How many times have rampant thoughts distracted you from your work? How many times have ideas popped in and popped out before you had a chance to capture them? Or maybe clarity has gone missing in action and you would like to find it again?
As a busy person, it is not uncommon for your mind to become overwhelmed trying to manage and process all the thoughts, the to-do list that is a mile long, the conversations had and the ideas that float in and out.
So what is a busy person meant to do with all the “stuff” that takes up valuable mental real estate? Write in a journal.
At first I was resistant. The thought of doing something that required what I believed to be work on my part turned my stomach. Not to mention, I had no clue what to write each day.
After about a week of journaling, I started to notice my mental clarity improve which ultimately lead to more productivity. And now after several years of using a writing journal, I look forward to it and if I skip a day, I really miss it.
In this article, I am going to share with you not only the benefits of a writing journal but also some simple ways to get started that won’t take up too much time, ways that positively impact your own mental clarity and that contribute to your productivity.
Why writing journal matters to your success
Some of the busiest people I know complain about the same thing — the inability to turn off their brains; or worse, the inability to focus on the tasks at hand because of the high volume of thoughts and ideas they have.
Enter a writing journal.
That journal is a safe place where you share your thoughts, your ideas, your questions and your concerns without interruption or the concern of another’s opinion or judgments. It’s a place to explore, pontificate and even complain.
In short, it is a great place for brain dumping so that you have the mental space to be more productive. But that is not the only benefit to a writing journal. Here are a few others:
It is a great way to have an “a-ha moment”.
Imagine you are in a conversation where all the sudden you hear yourself say something and a light bulb turns on. Writing in a journal serves that same purpose. With a journal, it is not uncommon that as you are capturing your thoughts, new awareness is being created.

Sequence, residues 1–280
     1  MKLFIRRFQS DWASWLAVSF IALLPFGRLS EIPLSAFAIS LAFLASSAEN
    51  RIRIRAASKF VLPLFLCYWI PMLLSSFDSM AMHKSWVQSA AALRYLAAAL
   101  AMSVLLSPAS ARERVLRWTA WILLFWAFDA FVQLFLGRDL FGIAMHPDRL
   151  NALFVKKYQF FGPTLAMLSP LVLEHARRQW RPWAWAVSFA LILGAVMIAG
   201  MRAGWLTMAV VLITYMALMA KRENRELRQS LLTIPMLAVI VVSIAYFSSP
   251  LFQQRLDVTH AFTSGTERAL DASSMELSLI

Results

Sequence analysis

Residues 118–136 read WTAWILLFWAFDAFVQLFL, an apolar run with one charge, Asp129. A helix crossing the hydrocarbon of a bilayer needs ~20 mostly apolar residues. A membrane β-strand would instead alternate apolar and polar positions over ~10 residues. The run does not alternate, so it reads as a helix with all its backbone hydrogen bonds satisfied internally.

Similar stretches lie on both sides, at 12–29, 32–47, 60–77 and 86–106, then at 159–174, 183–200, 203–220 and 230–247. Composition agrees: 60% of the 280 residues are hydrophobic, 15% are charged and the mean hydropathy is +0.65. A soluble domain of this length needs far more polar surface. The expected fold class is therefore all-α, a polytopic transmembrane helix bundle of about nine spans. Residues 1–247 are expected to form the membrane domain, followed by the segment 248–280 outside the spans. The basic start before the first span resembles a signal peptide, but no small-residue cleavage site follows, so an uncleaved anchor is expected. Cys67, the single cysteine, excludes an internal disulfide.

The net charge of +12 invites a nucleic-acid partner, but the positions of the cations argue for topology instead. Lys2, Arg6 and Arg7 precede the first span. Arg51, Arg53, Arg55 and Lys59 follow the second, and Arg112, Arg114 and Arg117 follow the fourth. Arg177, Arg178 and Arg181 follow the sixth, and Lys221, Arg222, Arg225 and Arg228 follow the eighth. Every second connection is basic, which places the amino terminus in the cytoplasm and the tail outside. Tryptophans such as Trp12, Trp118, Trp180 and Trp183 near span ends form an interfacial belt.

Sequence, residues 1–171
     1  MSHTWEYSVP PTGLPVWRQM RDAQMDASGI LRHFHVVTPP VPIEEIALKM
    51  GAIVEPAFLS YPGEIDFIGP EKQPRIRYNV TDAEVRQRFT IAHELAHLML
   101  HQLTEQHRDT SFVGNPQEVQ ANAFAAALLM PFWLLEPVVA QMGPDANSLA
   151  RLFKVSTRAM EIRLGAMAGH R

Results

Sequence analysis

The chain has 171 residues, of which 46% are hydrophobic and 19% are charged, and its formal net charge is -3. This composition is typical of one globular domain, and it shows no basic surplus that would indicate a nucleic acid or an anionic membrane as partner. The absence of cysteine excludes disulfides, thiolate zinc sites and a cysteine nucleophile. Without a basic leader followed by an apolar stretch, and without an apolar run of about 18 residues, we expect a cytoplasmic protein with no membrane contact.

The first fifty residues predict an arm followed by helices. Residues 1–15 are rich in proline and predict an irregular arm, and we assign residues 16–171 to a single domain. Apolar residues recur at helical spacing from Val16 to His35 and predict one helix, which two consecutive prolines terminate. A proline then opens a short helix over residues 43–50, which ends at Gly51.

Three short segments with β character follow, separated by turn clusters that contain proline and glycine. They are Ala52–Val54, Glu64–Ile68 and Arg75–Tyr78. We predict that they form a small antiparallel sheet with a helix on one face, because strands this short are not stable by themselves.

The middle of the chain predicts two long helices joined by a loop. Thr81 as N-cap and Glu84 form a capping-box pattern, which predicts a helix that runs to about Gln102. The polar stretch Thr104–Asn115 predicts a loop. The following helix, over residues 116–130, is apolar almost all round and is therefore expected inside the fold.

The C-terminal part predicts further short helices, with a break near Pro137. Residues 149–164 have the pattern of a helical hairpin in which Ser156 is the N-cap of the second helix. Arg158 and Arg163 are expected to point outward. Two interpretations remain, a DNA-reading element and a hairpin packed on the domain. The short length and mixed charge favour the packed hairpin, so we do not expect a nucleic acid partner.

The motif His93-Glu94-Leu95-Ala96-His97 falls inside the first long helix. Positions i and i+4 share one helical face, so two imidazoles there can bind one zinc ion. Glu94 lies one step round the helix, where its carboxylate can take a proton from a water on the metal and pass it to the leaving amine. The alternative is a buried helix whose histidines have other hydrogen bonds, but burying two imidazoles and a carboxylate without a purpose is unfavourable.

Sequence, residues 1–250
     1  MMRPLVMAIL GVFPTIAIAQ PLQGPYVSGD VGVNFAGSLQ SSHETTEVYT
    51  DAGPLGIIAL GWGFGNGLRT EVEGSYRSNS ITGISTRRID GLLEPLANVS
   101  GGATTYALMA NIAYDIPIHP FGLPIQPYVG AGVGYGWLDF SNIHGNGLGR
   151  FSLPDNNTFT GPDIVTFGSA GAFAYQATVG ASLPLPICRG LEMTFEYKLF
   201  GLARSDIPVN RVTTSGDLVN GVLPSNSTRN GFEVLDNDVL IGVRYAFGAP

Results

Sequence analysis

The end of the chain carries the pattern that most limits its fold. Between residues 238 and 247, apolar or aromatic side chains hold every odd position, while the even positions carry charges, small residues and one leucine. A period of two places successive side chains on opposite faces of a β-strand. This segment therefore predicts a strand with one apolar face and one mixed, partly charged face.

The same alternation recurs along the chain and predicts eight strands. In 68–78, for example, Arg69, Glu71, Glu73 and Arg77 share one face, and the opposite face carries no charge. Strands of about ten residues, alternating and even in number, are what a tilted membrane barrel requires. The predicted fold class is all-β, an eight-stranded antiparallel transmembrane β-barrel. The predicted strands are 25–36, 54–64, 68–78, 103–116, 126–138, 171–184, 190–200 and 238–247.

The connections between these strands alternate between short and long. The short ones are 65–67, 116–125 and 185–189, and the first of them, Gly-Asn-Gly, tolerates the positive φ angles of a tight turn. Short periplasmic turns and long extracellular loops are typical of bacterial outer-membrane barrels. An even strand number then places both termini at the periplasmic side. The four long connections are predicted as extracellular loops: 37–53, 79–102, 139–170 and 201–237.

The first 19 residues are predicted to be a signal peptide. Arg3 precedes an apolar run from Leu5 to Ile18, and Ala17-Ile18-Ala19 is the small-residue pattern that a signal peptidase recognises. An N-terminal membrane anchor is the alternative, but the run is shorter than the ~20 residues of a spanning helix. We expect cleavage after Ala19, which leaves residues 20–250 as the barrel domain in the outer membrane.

“Journal writing is a voyage to the interior.” ― Christina Baldwin
For example, if I am struggling to find a solution to an issue, my journal provides me with the space I need to get the issue out of my head and onto paper. It’s not uncommon for questions to surface that I then answer; enter the clarity and a-ha moment.
It creates contentment and grounding.
Writing in a journal engages a form of mindfulness. It is the mindfulness that helps you to feel more grounded.
“The five-minute journal is a therapeutic intervention, for me at least, because I am that person. That allows me to not only get more done during the day but also feel better throughout the entire day, to be a happier person, to be a more content person — which is not something that comes naturally to me.” — Tim Ferriss
It diminishes the chaos.
Medical reviewers Paul Ballas and Maureen Fraser report,
“Keeping a journal helps you establish order when your world feels like it’s in chaos. It helps you get to know yourself by revealing your innermost fears, thoughts, and feelings. Look at your writing time as personal relaxation time, a time when you de-stress and wind down. Write in a place that’s relaxing and soothing—maybe with a cup of tea. Look forward to your journaling time, and know that you’re doing something good for your mind and body.”
It is a safe place to process and clear the air.
The things you stress over or worry about as well as any negative thoughts are similar to bacteria. When you keep them in the dark recesses of your mind, they grow.
By writing about them, you shine a light on them which causes them to shrink. Freeing up that valuable mental real estate to focus on something that is much more productive.
The same is true for anything or anyone that bothers you, whether that is the annoying co-worker, the argument with your partner, the project that went awry; it does not matter. If it is bothering you, it is worth journaling about to clear the air.
Not to mention, it gives you the opportunity to spot the lessons to be leveraged the next time someone or something annoys you.
It is good for your health.
Psychotherapist Maud Purcell in her article The Health Benefits of Journaling: